Imagine this Scenario: You have been charged with a domestic assault in Virginia, and the complainant in your case decides he or she wants the charge dropped. Are you in the clear? Not so Fast!
Many charged with domestic assault have the mistaken belief that because the complainant wants a charge to be dropped, it will in fact be dropped. However, you may have a rude awakening if you rely on this belief when going to court. In Virginia, when you are charged with a domestic assault, the case is prosecuted by the Commonwealth Attorney. While the complainant is represented by the Commonwealth Attorney, the Commonwealth Attorney also represents the community as a whole. Often times the Commonwealth Attorney will force prosecution despite the complainants desire to drop the case.
To understand why, you must understand the unique nature of domestic violence. There is no question that domestic violence is a very serious matter. Domestic assault charges clog the Virginia court system. Commonwealth Attorney’s deal with these charges daily. Their concern is that an accused has forced the complainant not to seek a prosecution through threatened or actual violence. Therefore, in considering whether to prosecute when a complainant seeks the charges to be dropped, the Commonwealth Attorney’s decision is in large part determined upon whether they can get a conviction.
In some circumstances, the Commonwealth Attorney can compel the complainant to testify by threat of contempt of court. Contempt of court means that a person has violated a court order, which would in this case, would be failing to answer questions posed to them during trial. However, this is sometimes difficult from the Commonwealth Attorney’s perspective, and, in many circumstances, a complainant has the ability plead the Fifth Amendment.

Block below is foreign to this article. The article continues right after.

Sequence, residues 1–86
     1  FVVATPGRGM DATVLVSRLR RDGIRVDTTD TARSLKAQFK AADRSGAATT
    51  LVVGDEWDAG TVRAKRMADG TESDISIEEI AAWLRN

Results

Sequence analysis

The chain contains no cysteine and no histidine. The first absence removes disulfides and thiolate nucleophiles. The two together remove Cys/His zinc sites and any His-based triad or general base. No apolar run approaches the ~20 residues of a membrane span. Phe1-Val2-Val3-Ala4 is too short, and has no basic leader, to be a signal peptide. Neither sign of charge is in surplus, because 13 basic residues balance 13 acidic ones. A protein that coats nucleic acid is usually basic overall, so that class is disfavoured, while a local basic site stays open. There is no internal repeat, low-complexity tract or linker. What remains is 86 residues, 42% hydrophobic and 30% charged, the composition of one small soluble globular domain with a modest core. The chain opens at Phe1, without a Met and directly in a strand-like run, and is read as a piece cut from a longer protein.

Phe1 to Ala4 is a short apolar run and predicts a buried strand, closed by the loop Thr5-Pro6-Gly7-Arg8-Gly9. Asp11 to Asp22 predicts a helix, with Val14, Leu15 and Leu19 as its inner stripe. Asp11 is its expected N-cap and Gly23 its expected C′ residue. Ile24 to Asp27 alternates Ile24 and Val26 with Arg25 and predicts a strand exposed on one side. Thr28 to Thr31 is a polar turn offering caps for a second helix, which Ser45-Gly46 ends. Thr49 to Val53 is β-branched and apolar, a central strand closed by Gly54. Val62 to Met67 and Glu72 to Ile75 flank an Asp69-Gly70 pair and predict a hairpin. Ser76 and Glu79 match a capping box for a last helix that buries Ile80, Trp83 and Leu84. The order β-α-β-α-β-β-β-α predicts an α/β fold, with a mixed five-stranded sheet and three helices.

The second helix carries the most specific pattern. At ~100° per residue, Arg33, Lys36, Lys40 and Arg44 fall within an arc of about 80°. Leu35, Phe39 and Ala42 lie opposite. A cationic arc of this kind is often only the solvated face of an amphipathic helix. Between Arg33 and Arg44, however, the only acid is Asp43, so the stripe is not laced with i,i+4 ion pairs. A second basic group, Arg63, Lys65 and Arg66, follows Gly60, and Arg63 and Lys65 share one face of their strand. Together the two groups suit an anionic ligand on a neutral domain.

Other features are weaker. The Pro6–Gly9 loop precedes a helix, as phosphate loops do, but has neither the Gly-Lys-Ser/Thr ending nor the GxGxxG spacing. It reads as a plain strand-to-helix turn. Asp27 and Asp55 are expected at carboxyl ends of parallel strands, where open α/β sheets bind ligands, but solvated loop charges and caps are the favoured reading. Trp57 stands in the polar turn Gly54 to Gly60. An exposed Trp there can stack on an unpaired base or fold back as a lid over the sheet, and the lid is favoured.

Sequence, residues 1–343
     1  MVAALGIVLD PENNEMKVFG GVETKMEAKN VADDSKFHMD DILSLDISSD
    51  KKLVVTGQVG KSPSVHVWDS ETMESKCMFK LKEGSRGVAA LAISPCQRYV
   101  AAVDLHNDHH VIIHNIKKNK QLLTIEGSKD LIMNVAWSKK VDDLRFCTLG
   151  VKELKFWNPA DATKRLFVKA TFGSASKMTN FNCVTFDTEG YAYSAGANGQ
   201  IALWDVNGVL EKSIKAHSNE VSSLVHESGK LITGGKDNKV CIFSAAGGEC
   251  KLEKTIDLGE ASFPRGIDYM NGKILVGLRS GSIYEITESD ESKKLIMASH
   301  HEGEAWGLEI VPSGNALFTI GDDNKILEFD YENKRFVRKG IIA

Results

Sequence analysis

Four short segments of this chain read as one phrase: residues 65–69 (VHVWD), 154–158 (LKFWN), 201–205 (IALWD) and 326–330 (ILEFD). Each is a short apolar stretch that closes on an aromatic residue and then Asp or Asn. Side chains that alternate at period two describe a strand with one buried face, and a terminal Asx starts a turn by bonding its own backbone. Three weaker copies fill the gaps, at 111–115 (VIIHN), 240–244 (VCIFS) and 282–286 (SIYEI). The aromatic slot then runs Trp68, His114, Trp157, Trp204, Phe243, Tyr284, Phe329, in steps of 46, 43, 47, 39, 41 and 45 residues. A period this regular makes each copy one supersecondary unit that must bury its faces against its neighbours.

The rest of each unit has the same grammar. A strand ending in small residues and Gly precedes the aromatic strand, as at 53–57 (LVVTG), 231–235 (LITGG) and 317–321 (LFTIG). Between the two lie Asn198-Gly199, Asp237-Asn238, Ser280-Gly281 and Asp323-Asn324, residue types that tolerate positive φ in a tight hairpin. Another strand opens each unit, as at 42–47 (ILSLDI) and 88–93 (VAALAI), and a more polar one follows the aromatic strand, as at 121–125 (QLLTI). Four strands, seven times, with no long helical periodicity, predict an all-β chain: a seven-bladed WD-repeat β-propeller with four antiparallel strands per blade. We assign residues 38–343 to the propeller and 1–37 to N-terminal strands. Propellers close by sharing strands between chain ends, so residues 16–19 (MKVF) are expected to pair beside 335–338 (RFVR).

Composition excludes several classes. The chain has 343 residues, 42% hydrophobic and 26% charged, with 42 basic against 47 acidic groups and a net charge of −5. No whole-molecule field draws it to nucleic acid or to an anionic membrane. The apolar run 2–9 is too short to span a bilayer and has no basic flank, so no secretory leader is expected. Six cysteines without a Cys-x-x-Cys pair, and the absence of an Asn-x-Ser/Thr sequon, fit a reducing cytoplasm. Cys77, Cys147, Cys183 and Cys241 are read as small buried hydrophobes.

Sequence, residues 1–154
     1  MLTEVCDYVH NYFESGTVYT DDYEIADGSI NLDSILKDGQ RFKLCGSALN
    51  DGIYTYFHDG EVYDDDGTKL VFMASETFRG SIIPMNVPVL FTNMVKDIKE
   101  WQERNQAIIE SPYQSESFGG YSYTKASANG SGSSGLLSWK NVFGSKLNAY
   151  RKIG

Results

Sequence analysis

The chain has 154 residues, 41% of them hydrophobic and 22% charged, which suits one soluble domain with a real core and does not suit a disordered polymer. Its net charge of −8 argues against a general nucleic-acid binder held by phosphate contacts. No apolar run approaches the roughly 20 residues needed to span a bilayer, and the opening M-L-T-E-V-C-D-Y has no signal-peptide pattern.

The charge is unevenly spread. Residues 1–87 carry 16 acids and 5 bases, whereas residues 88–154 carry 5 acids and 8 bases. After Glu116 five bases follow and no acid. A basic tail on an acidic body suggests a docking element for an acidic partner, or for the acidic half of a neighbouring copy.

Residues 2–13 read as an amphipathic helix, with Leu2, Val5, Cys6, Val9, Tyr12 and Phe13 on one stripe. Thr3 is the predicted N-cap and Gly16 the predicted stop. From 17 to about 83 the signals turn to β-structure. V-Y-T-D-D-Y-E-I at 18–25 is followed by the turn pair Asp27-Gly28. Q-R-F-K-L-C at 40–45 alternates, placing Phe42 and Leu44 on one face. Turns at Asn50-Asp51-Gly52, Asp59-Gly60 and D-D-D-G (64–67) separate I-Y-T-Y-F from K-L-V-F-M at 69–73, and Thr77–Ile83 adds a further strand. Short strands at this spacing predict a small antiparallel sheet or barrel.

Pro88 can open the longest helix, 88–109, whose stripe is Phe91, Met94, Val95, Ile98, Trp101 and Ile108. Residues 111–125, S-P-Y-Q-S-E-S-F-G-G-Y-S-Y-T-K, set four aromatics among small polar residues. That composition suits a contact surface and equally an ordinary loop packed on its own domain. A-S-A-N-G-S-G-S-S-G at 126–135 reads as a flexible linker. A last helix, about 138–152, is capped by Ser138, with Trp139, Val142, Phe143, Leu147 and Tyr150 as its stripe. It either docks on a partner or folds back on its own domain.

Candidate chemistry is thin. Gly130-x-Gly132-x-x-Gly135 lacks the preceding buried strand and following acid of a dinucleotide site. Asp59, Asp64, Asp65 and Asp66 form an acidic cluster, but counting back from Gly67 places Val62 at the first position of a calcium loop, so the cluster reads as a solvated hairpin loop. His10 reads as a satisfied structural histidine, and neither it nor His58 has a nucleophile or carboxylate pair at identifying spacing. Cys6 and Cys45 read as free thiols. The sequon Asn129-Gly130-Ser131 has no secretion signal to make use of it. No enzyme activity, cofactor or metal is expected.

In cases in which the Commonwealth Attorney cannot force or perhaps may not want to force the complainant to testify, the Commonwealth Attorney may seek a “victimless prosecution.” Victimless prosecutions occur when the Commonwealth Attorney prosecutes a domestic assault without testimony from the complainant. Such prosecutions can be sought mainly in two ways. The easiest way is when the Commonwealth Attorney has an independent witness that actually saw an accused commit the assault. Unless there is a legitimate issue with that witness’s credibility, the Commonwealth Attorney will likely have a strong case.
Another instance in which a victimless prosecution can be sought is if the accused confessed to the assault to law enforcement or another witness. While the accused cannot be convicted solely on his or her confession, the CA need only prove “slight corroborating” evidence of the assault. Such evidence may be visible injury to the complaint, damaged property at the scene of the incident that would indicate a struggle, ripped clothing, etc.
Given this, you must be keenly aware that even if your complainant does not seek a prosecution, you cannot simply sit back and assume your case will be dismissed.
Best of luck,
James S. Abrenio